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Flashcards in The basis of excitability Deck (33):
1

What is the timescale for an action potential?

1-2msec

2

What causes depolarisation?

Na+ influx

3

What is depolarisation?

The cell becoming less negative

4

What does depolarisation do to PNa

It causes the opening of Na+ channels and PNa increases

5

What causes repolarisation?

K+ efflux

6

What is repolarisation?

The return of Em to resting potential

7

What does repolarisation do to Na+ gated channels?

Closes them

8

What is conductance of ions?

It is equivalent to permeability
Measured instead of permeability, membrane acts as an electrical resistor (R)
Conductance, g=1/R
Each ion has its own conductance

9

Conductance is proportional to what?

To the number of open ion channels

10

Change in gion will change what?

Em

11

Depolarisation opens which voltage-gated channels?

Na+ channels

12

What causes the initial depolarisation?

Synaptic activity
Generator potential (sensory neurone)

13

What does Em approach in the depolarisation phase?

ENa

14

What happens to Na+ channels in repolarisation?

They inactivate

15

When do K+ channels open?

As the neurone is repolarising, they open at positive values of Em

16

What is hyperpolarisation?

Em has returned to its initial value but K+ channels are still open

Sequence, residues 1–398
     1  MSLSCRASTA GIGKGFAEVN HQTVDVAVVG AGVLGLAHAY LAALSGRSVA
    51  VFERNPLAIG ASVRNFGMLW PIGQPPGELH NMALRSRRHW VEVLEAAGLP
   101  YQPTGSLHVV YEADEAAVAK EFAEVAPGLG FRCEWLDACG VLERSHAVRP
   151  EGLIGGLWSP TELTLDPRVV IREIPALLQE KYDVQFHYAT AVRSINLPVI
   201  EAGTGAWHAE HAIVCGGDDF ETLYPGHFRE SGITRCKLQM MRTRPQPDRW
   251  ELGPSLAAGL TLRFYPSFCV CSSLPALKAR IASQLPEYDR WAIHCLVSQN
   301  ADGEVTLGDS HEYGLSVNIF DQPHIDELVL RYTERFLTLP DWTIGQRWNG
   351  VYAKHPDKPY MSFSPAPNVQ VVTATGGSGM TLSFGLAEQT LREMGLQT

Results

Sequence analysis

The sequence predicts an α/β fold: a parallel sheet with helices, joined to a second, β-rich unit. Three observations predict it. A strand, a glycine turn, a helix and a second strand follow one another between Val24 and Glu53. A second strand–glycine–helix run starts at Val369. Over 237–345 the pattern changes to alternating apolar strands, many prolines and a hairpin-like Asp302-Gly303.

Em approaches Ek

17

How is hyperpolarisation dealt with?

The K+ channels finally close
The leak channels restore Em to resting value

18

What is the value of Ek?

-80mV

19

What is the value of ENa?

+62mV

20

What is the all-or-nothing principle?

An action potential either happens or it doesn't. They have no difference in size or power

21

What causes the all-or-nothing principle?

The existence of a threshold

22

What is the threshold?

The point at which an action potential will fire

23

What is happening in the neurone at the threshold value?

Na+ influx is greater than K+ efflux

24

What is the absolute refractory period?

No further action potential by any stimulus regardless of size

25

What is the relative refractory period?

A stronger stimulus will open sufficient Na+ channels and overcome increased gK that makes the threshold greater

26

Explain absolute refractory period in terms of voltage-gated channels?

Na+ are mostly inactivated
K+ are mostly open

27

Explain relative refractory period in terms of voltage-gated channels?

Na+ are recovering from inactivation
K+ some are still open

28

Why do action potentials not travel backwards in axons?

The membrane behind the action potential is in the refractory period

29

What is electrotonic spread?

The propagation of an action potential in an unmyelinated axon

30

How much faster is the speed of an impulse in a myelinated neurone?

1000x

31

What happens to the impulse in a myelinated neurone?

Jumps between nodes of Ranvier

32

What does the myelin sheath do?

Increases the speed of action potential conduction

33

What is saltatory conduction?

The jumping of the impulse between gaps in the myelin sheath